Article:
Covering University of Colorado sports, mostly basketball, since 2010

Saturday, January 31, 2015

2014-15 UCLA Basketball Preview #2: Looking for a Quality Hollywood Sequel

There've been times this season where I've openly pondered "what has to happen for this team to get a road win?"  Thursday night's tilt with the USC Trojans answered that rhetorical question: Askia Booker has to get medieval, and drop a historic amount of points.

Playing in his home town, just minutes from the courts where the human jitterbug learned the game, Ski went off for 43 to almost single-handedly drag the Buffaloes across the finish line for their first road win in eight tries. Colorado needed every one of those points, as USC was holding on for dear life on their home floor.  Locked in a war of attrition, the two teams would battle on through three overtimes and six player disqualifications, stretching nerves and rosters thin.  CU, however, had the trump card - Booker - and kept playing it at just the right moments to secure a 98-94 win.  Finally, the sighs uttered across BuffNation were ones of satisfied exhaustion, rather than frustration.
Ski would not be denied on Thursday. From: the BDC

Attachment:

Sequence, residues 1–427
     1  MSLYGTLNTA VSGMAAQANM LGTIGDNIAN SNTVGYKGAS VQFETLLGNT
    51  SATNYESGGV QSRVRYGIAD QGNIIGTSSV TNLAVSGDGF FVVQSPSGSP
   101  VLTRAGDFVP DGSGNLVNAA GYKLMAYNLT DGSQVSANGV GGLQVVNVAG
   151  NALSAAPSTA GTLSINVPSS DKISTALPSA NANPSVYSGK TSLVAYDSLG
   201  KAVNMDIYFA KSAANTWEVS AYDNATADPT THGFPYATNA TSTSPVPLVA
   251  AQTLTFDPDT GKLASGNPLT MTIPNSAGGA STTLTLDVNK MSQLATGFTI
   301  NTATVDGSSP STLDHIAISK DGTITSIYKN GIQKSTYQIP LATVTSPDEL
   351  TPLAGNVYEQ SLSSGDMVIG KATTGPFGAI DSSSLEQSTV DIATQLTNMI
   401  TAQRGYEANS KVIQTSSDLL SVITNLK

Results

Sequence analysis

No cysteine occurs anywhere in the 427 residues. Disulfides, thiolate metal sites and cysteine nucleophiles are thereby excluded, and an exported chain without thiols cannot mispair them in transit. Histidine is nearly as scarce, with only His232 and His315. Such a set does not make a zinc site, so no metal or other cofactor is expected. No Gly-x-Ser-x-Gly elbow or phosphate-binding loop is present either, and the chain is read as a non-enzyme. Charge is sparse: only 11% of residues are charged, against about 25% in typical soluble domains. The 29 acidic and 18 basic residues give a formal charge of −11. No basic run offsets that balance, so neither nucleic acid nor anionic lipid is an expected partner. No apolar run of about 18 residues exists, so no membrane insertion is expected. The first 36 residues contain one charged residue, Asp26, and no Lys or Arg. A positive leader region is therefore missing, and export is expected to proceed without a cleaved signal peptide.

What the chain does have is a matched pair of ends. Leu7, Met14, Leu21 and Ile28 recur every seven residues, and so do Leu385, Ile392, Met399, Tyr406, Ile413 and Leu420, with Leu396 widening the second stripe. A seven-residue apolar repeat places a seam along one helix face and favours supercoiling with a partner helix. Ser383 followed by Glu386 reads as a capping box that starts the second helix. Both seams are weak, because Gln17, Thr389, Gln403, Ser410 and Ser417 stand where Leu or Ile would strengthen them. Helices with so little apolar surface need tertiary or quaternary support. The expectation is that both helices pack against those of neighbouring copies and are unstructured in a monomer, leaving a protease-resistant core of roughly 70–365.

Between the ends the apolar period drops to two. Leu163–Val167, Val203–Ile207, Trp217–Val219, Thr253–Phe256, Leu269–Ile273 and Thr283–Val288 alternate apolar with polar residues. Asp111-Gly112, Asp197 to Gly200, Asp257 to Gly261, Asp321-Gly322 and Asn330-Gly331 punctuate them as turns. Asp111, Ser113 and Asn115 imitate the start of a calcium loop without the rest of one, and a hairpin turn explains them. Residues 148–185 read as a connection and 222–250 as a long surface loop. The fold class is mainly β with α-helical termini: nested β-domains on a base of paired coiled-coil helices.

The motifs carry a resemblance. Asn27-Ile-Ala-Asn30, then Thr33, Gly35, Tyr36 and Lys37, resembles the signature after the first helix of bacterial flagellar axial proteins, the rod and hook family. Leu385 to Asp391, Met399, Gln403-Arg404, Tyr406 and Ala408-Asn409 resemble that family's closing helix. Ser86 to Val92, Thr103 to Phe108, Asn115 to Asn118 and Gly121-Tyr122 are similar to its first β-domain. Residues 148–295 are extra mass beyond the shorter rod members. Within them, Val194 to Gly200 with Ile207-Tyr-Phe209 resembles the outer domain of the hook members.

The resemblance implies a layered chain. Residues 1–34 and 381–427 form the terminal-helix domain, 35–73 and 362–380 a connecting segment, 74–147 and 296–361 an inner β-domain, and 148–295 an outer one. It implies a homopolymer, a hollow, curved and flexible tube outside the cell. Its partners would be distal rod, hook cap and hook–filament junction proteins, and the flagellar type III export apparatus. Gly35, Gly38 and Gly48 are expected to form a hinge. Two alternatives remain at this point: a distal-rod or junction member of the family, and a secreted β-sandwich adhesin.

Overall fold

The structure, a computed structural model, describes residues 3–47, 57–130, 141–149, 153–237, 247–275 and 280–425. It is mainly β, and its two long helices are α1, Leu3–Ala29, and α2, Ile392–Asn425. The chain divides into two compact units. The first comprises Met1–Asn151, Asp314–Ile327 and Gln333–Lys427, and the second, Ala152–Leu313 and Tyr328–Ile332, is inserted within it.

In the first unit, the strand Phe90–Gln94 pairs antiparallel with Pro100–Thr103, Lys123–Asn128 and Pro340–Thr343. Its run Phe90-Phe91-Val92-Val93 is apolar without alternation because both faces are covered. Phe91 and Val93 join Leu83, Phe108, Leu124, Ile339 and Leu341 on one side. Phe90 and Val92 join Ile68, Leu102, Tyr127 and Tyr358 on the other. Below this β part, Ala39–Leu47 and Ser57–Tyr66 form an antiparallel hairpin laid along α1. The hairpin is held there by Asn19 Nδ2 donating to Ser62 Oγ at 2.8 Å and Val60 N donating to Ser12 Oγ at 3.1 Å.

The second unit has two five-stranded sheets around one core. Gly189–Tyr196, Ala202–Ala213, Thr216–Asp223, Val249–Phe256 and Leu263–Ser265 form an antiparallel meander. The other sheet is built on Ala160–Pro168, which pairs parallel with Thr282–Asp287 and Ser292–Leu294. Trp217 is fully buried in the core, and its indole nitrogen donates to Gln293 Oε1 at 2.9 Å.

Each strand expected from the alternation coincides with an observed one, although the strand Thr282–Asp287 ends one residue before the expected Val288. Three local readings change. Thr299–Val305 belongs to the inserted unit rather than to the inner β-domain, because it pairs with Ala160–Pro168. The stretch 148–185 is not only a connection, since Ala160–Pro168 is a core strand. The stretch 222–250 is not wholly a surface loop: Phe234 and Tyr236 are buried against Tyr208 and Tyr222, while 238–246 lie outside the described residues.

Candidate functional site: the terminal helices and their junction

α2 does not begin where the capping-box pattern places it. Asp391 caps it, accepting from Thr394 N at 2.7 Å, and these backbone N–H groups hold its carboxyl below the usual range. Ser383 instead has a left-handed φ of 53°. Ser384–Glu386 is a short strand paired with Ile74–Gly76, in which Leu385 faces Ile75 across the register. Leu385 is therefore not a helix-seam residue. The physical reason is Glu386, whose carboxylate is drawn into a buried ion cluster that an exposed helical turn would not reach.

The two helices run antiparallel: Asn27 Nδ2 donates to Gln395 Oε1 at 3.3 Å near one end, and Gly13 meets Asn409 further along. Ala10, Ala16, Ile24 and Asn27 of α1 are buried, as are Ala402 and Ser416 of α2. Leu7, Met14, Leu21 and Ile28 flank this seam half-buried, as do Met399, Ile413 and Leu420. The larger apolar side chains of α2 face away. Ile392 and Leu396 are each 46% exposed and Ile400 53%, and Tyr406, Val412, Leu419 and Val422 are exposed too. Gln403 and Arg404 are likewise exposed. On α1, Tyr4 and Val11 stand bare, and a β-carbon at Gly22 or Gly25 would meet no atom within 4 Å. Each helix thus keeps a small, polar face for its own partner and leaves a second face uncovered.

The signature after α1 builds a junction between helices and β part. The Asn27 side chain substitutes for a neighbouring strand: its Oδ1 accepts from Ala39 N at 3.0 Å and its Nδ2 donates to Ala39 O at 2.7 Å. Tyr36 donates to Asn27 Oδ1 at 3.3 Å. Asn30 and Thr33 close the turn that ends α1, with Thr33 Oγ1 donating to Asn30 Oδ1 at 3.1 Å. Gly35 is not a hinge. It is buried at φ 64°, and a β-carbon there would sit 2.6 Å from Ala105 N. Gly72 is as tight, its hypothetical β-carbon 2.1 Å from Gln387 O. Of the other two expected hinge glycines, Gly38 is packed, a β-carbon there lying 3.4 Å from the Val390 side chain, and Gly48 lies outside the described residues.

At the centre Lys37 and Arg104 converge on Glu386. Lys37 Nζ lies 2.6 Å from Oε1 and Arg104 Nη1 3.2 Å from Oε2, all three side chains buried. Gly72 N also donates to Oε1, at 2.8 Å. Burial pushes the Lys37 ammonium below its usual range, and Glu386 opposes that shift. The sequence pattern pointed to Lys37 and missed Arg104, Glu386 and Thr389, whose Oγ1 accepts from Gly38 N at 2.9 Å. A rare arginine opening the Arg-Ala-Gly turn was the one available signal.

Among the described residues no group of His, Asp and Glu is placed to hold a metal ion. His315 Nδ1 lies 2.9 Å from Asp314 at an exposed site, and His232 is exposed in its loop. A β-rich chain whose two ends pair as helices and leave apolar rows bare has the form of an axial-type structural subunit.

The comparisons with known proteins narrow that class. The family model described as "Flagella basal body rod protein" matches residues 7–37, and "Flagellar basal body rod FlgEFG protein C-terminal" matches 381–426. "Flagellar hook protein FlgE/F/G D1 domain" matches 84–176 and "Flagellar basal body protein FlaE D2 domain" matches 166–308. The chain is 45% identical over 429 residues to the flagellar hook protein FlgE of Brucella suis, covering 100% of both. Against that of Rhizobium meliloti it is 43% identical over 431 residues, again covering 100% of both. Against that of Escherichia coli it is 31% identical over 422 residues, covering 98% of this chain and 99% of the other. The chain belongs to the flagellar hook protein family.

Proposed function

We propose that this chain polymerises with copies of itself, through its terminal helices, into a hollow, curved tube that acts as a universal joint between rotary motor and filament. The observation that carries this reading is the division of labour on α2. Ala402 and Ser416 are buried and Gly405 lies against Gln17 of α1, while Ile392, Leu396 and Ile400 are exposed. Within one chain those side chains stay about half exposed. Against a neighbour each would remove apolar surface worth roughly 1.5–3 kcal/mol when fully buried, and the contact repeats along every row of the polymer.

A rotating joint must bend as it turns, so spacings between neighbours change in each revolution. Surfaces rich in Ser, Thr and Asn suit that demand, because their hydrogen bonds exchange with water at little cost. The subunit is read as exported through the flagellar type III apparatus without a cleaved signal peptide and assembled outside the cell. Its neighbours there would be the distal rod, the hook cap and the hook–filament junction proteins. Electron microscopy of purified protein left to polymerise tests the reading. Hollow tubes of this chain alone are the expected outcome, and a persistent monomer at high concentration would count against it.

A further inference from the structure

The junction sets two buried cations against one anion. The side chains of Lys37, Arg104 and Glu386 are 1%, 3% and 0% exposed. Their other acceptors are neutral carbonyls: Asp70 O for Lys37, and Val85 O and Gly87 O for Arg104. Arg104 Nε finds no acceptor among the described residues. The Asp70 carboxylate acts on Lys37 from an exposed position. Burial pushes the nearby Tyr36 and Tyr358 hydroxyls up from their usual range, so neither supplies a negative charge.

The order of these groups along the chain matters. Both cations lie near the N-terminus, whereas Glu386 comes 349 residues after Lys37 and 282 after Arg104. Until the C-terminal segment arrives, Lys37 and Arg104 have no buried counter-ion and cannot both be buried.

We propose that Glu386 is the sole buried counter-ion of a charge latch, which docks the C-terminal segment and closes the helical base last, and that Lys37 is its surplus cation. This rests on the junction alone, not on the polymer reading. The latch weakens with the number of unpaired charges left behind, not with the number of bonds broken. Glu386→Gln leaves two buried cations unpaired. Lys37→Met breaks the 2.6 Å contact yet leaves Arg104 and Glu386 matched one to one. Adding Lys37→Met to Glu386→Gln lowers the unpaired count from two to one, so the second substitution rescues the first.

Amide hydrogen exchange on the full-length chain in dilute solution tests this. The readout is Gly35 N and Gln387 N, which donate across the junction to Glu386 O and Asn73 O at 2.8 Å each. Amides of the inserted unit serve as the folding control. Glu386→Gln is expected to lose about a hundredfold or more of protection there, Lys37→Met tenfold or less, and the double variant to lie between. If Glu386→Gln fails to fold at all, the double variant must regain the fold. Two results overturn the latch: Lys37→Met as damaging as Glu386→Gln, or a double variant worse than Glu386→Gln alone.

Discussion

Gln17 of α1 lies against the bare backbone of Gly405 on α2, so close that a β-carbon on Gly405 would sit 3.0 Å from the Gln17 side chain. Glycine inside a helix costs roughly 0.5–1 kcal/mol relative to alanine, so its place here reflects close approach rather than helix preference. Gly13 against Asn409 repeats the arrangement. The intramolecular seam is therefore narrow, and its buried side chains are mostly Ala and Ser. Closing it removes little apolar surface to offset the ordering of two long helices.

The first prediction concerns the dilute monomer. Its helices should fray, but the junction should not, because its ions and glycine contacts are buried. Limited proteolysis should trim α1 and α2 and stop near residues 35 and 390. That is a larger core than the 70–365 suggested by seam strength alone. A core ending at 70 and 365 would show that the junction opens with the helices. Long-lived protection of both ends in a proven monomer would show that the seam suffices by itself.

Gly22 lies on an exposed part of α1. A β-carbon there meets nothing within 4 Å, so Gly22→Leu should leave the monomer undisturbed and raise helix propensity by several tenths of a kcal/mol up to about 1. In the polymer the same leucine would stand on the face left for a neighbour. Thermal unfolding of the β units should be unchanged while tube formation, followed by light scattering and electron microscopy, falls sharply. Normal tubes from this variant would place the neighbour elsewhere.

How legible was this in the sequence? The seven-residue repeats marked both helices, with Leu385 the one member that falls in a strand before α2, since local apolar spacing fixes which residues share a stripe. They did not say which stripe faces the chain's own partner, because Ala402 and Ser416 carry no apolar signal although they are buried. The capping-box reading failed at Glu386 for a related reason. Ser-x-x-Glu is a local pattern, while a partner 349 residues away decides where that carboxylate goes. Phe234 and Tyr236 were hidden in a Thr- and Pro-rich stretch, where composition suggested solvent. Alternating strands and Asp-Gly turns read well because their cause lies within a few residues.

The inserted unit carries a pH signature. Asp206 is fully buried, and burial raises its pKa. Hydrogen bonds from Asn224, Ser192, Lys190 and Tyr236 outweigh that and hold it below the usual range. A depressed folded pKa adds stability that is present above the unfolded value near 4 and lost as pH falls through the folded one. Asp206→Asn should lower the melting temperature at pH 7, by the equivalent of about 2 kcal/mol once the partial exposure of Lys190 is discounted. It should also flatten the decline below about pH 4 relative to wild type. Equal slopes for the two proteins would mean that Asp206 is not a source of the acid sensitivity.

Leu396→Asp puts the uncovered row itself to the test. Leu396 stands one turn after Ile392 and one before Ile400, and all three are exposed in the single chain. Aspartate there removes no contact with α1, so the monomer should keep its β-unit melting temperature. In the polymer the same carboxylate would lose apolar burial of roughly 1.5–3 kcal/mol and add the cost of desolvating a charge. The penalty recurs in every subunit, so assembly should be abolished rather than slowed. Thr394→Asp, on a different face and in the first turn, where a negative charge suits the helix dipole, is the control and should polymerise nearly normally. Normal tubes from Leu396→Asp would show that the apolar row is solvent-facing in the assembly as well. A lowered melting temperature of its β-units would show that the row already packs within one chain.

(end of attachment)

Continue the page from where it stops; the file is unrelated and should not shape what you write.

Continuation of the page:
There's no possible way to overstate how brilliant Ski was on Thursday.  It took him until the 6:28 mark of the first half to find the scoresheet, but, having finally woken up, it was game on.  He scored 10 points in just under two minutes, helping to all but erase a 10-point deficit headed into halftime.  In total, he would score 24 in regulation, powering CU to an 11-pont lead midway through the second half.

About the only thing that could slow Booker down was a cheap shot from brutish USC center Nikola Jovanovic.  On a fast break with eight minutes to play in the second half, the galoot threw a shoulder and a leg into Ski, sending the point guard flying.  While he got up, and only sported a bruise after the game, the assault had its desired effect.  The spark plug was shaken, failing to score down the stretch, and committing a trio of turnovers in the immediate aftermath.  As a result, Colorado as a whole would go on a nearly 15-minute long drought without a made field goal. The refs, particularly clueless in a game marred by questionable officiating, only awarded a common foul.  Askia would have the final laugh, however.
Booker has never been better than he was in overtime.  From: